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NHS Never Events a disgrace says Patients Association

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In the past four years more than 1000 NHS patients in England have suffered medical mistakes so serious they should never happen, according to the Patients Association.

“Never-events” include different surgical procedures from those which were planned. Examples include a man whose testicle was removed rather than a cyst and a woman whose fallopian tubes were taken out instead of her appendix.

Other “never event” mistakes included the wrong legs, eyes and knees being operated on and hundreds of cases of foreign objects (even a scalpel) being left inside bodies after operations.  The Patient Association’s analysis identified the following statistics:

  • 254 “never events”  from April 2015 to the end of December 2015
  • 306 “never events” from April 2014 to March 2015
  • 338 “never events” from April 2013 to March 2014
  • 290 “never events” from April 2012 to March 2013

Katherine Murphy, Chief Executive of the Patients Association, said “it is a disgrace that supposed “never events” are still so prevalent.  How are such basic, avoidable mistakes still happening there is clearly a lack of learning in the NHS. It is especially unforgivable to operate on the wrong organ, and many such mistakes can never be rectified”.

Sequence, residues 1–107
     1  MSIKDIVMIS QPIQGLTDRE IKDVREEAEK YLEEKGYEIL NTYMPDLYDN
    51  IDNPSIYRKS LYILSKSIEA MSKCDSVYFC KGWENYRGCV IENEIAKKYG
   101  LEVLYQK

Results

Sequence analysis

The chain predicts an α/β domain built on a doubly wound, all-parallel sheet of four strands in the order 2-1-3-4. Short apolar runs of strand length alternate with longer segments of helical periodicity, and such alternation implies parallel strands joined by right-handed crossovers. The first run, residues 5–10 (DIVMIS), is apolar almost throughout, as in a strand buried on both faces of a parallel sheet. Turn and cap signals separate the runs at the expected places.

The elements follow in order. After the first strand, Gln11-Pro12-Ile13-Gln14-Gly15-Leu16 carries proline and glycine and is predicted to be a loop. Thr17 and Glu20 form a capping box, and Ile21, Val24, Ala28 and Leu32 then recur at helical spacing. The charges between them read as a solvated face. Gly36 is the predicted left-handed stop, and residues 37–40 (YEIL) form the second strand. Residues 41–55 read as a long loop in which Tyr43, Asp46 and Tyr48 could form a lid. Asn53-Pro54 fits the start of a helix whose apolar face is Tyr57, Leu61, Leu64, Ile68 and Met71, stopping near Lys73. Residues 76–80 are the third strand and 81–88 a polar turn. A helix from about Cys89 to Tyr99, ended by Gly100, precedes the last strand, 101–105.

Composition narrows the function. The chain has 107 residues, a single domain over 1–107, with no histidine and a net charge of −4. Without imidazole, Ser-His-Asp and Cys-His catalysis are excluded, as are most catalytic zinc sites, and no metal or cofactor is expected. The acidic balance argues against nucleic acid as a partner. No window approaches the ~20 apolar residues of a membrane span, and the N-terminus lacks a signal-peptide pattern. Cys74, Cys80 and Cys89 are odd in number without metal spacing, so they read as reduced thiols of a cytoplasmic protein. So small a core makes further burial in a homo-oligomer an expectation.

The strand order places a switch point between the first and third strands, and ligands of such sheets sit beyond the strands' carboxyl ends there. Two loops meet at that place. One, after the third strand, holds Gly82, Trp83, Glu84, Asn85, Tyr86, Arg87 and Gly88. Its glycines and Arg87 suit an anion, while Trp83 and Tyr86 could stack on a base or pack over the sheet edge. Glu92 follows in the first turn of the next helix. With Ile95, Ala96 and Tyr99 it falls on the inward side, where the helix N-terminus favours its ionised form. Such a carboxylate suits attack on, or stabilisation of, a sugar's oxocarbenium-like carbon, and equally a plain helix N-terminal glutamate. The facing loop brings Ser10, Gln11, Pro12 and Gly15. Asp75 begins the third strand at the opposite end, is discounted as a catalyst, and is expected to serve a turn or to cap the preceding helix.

NHS England insists “never events” are rare, affecting one in every 20,000 procedures and that the majority of the 4.6 million hospital operations each year are safe.

A spokeswoman for them said one “never event “is too many and we must not underestimate the effect on the patients concerned.  To better understand the reasons why, in 2013 we commissioned a task force to investigate, leading to a new set of national standards being published last year specifically to support doctors, nurses and hospitals to prevent these mistakes.  Any organisation that reports a serious incident is also expected to conduct its own investigations so it can learn and take action to prevent similar incidents from being repeated”.

At Lester Morrill we are currently pursuing claims on behalf of two young people related to “never-events”.  One Claimant had surgery on the wrong toe and the other underwent a different surgical procedure to that that was planned.  Despite this, in neither case were the medical mistakes reported as an NHS “never event”.  Does this suggest that the incidence of these “never-events” is more prevalent than the statistics tell us.

If you think you or someone you know is a victim of a medical accident, you should consult a specialist clinical negligence solicitor who is experienced in this area.